By Mark Kenny
This article was originally published by The Conversation.
If the first week of the 46th Parliament was heavily ceremonial – dominated by the new governor-general, a raft of first-time MPs and Bob Hawke condolence speeches – the next two weeks will mark a return to normal programming.
And where the opening week allowed just one proper sitting day to thrash out the modestly titled, A$158 billion “Treasury Laws Amendment (Tax Relief so Working Australians Keep More of Their Money) Bill, 2019”, the next fortnight will revert to the usual combination of substantive legislation, otherwise known as “government business”, and the inevitable Question Time theatrics.
Both should prove instructive about the longer-term presentation of the Morrison government, and that of the Anthony Albanese-led Labor opposition.
Albanese has already signalled several stylistic changes from Bill Shorten’s leadership. This includes the design of sharper, less rhetorical parliamentary questions, a willingness to bipartisanship on some issues like drought funding, and an aspiration to lift the tone of political combat. This was most recently shown via an instruction to MPs to avoid calling their opponents “liars”.
The House of Representatives program released on Friday contains uncontroversial measures, such as legislation to establish the Future Drought Fund, a bill for Farm Household Support, and a bill to criminalise the use of social media to incite farm invasions on grounds of political/environmental activism.
But more controversially, the government has listed the Migration Amendment (Repairing Medical Transfers) Bill, an attempt to repeal the so-called “medevac” law. It also listed the Counter Terrorism (Temporary Exclusion Orders) Bill, an attempt to mirror Britain’s laws that critics say render a citizen stateless.
And it has listed an old favourite, its Fair Work Registered Organisations (Ensuring Integrity) bill, which is aimed squarely at unions and designed to provide powers of deregistering prominent officials on grounds of character.
Will the government deliver on its promises?
The Coalition’s deliberately minimalist election pitch rested on four pillars: generous income tax cuts, the claimed dangers of a Labor government; surplus budgets into the future; and the continuation of a strong economy.
For Treasurer Josh Frydenberg, the urgent challenge is to find ways to boost business and consumer confidence. Joe Castro/ AAP
Already, with just one legislative day under its belt, the tax cuts are through. The mega-spend even gained Labor’s support – once the crossbench numbers were in the Senate, anyway.
Self-evidently, Labor was not elected. So that’s another goal happily ticked off for the Coalition.
But when it comes to the string of budget surpluses and the promised strong economy, things get more problematic.
In the short time since the election, the Reserve Bank has already dialled in two (count them, two) cash rate cuts, while signalling that a third could lower the official rate to a staggering 0.75% before the end of the year.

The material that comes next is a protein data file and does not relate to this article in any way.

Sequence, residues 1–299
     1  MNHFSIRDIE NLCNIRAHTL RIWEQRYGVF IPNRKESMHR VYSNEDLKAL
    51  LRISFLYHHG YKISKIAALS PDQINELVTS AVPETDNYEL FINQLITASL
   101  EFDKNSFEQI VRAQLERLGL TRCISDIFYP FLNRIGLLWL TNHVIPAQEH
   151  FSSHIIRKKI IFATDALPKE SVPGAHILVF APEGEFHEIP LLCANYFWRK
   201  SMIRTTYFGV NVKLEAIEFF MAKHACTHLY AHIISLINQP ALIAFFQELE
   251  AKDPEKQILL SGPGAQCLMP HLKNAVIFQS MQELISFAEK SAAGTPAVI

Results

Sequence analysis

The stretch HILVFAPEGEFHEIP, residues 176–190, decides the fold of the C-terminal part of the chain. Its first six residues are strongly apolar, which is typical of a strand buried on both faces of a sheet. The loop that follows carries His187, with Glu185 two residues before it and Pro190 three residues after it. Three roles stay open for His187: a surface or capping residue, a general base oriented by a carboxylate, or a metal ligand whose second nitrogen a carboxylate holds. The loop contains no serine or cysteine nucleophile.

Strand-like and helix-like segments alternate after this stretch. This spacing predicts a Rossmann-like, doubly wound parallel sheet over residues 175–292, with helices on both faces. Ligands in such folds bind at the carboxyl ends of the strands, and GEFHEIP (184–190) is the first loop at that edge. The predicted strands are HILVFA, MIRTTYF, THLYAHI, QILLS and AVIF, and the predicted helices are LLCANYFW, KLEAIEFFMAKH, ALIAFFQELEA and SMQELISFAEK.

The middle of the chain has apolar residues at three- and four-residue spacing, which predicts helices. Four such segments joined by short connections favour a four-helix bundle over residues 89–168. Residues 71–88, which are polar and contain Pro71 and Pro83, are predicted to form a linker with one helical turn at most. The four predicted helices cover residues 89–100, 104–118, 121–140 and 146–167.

Clearly, getting the economy going again has emerged as the central bank’s number one priority.
For Morrison, and Treasurer Josh Frydenberg, the urgent challenge is to find ways to boost business and consumer confidence. They also need to kick Australia’s sluggish wage growth into gear, without pulling the levers Labor had in mind.
To that end, the pair has made it clear the government will risk its A$7.1 billion projected surplus for the end of financial year 2019-20, despite suggestions from some economists that the political bragging rights of a surplus should be sacrificed in the interests of emergency stimulus for a pallid economy.
The government rejects these arguments. It points to the expected effervescence from stage one of its aforementioned tax cuts package of up to A$1,080 as an immediate tax rebate via a measure outlined in the pre-election Budget.
The government also points to major infrastructure spending as its A$100 billion future works program rolls out, with some of that brought forward and fresh requests to the states to do likewise.
While further direct measures are possible on the fiscal side should the economy slow further, the Coalition’s strong disposition is to a less interventionist response.
Rightly or wrongly, the Coalition views its election reprieve as a blunt rejection of Shorten’s big-spending, big-taxing approach.
And conservative commentators have aided this view, urging the Coalition to avoid grand plans and big ideas, and do no more than simply govern well.
Yet dangers loom, not least of which are the ever-present threat of internal divisions and a sense of policy drift.
The sparseness of a major policy narrative has already elevated an ideological push for a religious freedom/anti-discrimination bill of some kind, despite zero pressure from mainstream voters.
Reactionaries were also quick to flex their muscles in the hours after the new Minister for Indigenous Australians Ken Wyatt used a National Press Club speech to open a new and deliberately non-prescriptive invitation to a co-design process.
The concerning thing for the Morrison government is the speed with which Wyatt’s potentially game-changing approach brought forward the same voices who fanned internal divisions within the Turnbull government over marriage equality, energy policy and climate change.
Mark Kenny is senior fellow in the Australian Studies Institute, joining the University after a high-profile journalistic career culminating in six years as chief political correspondent and national affairs editor of The Sydney Morning Herald, The Age, and The Canberra Times.